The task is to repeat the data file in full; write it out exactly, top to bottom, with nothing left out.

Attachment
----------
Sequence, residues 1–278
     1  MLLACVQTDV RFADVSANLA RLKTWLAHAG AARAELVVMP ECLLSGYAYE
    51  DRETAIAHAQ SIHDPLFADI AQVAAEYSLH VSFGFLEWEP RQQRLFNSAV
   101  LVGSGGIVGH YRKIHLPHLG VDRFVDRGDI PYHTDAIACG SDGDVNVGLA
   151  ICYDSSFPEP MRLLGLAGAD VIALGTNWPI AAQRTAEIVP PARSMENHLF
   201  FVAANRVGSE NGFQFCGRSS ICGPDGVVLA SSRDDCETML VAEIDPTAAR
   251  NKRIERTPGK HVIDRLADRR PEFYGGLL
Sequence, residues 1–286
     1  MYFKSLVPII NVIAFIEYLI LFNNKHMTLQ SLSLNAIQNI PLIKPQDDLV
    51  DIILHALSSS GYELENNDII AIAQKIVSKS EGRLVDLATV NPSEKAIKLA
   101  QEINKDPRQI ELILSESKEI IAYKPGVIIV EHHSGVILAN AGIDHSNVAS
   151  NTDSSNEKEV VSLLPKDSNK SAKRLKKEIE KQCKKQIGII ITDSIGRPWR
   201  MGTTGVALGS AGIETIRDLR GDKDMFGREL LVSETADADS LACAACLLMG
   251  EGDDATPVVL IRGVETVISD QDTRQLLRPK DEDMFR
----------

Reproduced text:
Sequence, residues 1–278
     1  MLLACVQTDV RFADVSANLA RLKTWLAHAG AARAELVVMP ECLLSGYAYE
    51  DRETAIAHAQ SIHDPLFADI AQVAAEYSLH VSFGFLEWEP RQQRLFNSAV
   101  LVGSGGIVGH YRKIHLPHLG VDRFVDRGDI PYHTDAIACG SDGDVNVGLA
   151  ICYDSSFPEP MRLLGLAGAD VIALGTNWPI AAQRTAEIVP PARSMENHLF
   201  FVAANRVGSE NGFQFCGRSS ICGPDGVVLA SSRDDCETML VAEIDPTAAR
   251  NKRIERTPGK HVIDRLADRR PEFYGGLL
Sequence, residues 1–286
     1  MYFKSLVPII NVIAFIEYLI LFNNKHMTLQ SLSLNAIQNI PLIKPQDDLV
    51  DIILHALSSS GYELENNDII AIAQKIVSKS EGRLVDLATV NPSEKAIKLA
   101  QEINKDPRQI ELILSESKEI IAYKPGVIIV EHHSGVILAN AGIDHSNVAS
   151  NTDSSNEKEV VSLLPKDSNK SAKRLKKEIE KQCKKQIGII ITDSIGRPWR
   201  MGTTGVALGS AGIETIRDLR GDKDMFGREL LVSETADADS LACAACLLMG
   251  EGDDATPVVL IRGVETVISD QDTRQLLRPK DEDMFR